USTOA's Terry Dale on a national parks reprieve

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The USTOA held its annual conference last week in Orlando. News editor Johanna Jainchill spoke with CEO Terry Dale about a victory, at least temporarily, for national park tour operators, member optimism about 2020 and what people should know about 2019's collapse of three tour operators.

Q: The National Park Service decision to not implement the $300 per coach commercial use authorization fee seems like a big victory.

Terry Dale
Terry Dale

A: It doesn't mean we can celebrate and exhale, because I fully expect at some point it will be revisited, the plan revised or something. The good news is, it's stopped for now. In all honesty, they didn't engage the industry adequately to understand the impact and how to execute so that it was not so burdensome. Fortunately, everyone has been really in their face about the impact. You don't many times hear that a regulatory body is not moving forward like this. A lot of industry associations and companies were vocal.

Q: Between that proposal and the Statue of Liberty limiting tour guide access and Rome banning tour buses, are tour operators being unfairly targeted when it comes to overcrowding issues?

A: Sometimes it's a knee-jerk reaction from a government or a city council. They feel they can at least say, 'We've addressed it because we've taken step X or step Y.' I think we have a responsibility to be more proactive in building relationships with the leaders who make decisions like that. If overcrowding is an issue, then lets's talk about meaningful solutions that can work for us and can work for the destination or the monument.

Q: Three tour operators collapsed in 2019. What should USTOA members do to instill confidence in consumers and travel advisors that this is not an industrywide issue?

A: This is the first time in my almost nine years that I've experienced this. One was a USTOA member, and what's critical is to communicate about our $1 Million Travelers Assistance Program. We are here to help consumers with their deposits. We'll do our darnedest to make everyone whole. It's really about: Book with confidence with a USTOA member.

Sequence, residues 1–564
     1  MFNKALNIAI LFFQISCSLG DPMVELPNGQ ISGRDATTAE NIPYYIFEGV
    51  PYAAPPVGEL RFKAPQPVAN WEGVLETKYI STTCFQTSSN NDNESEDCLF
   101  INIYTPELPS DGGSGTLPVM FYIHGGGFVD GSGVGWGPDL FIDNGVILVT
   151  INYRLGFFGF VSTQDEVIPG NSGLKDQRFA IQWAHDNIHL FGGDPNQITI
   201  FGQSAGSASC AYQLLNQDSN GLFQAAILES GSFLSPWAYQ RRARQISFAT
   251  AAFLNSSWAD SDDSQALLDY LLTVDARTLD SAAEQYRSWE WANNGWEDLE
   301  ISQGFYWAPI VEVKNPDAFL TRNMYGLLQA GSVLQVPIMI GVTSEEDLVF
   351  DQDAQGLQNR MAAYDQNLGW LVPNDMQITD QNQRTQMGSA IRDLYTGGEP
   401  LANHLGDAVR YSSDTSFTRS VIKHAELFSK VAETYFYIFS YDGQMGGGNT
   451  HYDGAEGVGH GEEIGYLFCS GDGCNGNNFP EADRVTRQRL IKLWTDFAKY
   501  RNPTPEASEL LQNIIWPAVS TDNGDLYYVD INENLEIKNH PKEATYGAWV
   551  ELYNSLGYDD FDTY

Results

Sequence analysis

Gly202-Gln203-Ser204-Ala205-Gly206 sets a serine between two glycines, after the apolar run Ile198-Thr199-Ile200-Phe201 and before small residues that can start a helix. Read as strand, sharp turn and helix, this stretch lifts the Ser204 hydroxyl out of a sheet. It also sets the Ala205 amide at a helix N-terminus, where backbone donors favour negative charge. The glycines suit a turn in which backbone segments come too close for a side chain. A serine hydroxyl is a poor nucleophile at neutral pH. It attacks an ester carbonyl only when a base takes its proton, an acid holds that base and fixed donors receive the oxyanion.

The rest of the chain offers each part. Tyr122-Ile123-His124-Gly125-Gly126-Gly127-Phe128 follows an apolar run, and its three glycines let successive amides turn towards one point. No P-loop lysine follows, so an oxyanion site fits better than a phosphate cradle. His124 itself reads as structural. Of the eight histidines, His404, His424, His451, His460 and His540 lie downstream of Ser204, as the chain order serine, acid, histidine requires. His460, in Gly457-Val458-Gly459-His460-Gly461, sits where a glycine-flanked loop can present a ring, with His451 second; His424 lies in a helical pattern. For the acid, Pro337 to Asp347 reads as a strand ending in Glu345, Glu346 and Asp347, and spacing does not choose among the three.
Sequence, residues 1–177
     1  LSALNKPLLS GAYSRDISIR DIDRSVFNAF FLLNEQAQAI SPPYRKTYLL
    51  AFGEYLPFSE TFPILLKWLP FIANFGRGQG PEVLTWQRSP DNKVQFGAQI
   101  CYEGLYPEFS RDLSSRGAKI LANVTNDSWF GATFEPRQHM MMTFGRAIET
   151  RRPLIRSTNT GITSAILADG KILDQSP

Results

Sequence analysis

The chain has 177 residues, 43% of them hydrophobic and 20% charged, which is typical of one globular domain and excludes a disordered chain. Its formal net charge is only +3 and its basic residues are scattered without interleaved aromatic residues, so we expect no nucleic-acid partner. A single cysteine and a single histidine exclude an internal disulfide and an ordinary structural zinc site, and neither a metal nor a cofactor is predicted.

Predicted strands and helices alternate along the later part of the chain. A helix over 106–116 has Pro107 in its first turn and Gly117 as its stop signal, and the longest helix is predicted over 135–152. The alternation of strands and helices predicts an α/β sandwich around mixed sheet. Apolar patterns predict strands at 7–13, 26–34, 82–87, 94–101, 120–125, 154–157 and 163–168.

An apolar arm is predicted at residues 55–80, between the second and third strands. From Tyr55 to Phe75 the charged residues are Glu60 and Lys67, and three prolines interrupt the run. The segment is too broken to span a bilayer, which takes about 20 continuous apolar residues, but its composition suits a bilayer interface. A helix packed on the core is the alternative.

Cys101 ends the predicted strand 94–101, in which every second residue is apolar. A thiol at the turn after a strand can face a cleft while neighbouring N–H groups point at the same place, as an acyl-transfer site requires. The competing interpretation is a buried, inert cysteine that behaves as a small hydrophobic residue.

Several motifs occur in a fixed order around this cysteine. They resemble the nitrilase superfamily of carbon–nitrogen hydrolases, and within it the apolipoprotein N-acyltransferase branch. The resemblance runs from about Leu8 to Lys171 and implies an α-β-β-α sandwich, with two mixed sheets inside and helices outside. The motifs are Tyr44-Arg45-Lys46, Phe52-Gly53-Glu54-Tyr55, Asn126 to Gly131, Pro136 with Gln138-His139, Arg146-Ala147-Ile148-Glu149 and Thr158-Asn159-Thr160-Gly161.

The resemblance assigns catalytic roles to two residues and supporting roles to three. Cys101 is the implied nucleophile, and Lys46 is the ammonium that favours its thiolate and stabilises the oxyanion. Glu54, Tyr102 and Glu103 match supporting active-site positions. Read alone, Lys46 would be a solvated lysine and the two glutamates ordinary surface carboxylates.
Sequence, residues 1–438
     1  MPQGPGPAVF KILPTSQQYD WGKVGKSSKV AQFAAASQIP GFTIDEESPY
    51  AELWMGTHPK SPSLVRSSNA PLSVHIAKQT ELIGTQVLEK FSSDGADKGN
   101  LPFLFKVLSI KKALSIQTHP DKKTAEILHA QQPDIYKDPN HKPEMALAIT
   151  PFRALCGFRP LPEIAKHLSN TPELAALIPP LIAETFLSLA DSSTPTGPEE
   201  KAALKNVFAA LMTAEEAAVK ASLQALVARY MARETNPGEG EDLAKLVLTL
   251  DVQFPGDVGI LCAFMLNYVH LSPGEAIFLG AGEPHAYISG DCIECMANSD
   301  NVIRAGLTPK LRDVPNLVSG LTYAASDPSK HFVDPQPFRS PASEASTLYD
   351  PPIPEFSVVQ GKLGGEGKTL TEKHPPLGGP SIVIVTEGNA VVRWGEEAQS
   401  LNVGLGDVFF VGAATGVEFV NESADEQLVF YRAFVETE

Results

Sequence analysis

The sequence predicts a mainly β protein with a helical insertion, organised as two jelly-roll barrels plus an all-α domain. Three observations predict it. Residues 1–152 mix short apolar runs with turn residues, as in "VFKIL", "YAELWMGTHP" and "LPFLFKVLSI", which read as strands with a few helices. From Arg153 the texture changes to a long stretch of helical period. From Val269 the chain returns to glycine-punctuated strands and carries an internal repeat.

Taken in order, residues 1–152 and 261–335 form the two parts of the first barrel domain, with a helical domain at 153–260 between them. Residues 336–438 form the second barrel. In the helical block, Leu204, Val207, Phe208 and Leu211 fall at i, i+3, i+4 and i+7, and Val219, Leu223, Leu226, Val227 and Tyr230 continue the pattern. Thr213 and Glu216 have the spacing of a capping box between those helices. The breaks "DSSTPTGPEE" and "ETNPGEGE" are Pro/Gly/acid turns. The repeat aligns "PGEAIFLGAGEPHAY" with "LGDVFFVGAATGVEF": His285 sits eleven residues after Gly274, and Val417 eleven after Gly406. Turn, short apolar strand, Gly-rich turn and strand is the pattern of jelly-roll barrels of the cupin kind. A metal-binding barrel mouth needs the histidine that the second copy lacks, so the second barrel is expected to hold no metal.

Q: Is $1 million enough? In some cases many millions in payments were lost.

A: It all depends. What we do is work with the customer and the credit card if they used one, and hopefully they can recover some from the credit card and some from us. Depending on the business size and how much future bookings they have, it may not be enough. We take it seriously, and our goal is to help them get whole again.

Q: A USTOA survey shows that 82% of members believe sales will increase in 2020. That's good news for an election year in which some think there could be an economic slowdown.

A: I was personally pleased to see the optimism expressed in that survey about 2020. Anecdotally, I've heard that advanced sales look robust. The early indicators look encouraging. But an election year can be a challenging one, and I think this one in particular will be extremely challenging. So I hope when we're here a year from now, we find that our forecast materialized.

Q: Some of your members are moving away from using "tour operator." Will the USTOA go the way of ASTA, which went from using "agent" to "advisor"?

A: There is some repositioning within some of our members as far as how they brand and talk about the experience. Some use guided, some use escorted, some use tours. As a trade association, we've got a diverse portfolio of members, and we respect whatever somebody wants to do as far as how they brand and position their experiences.

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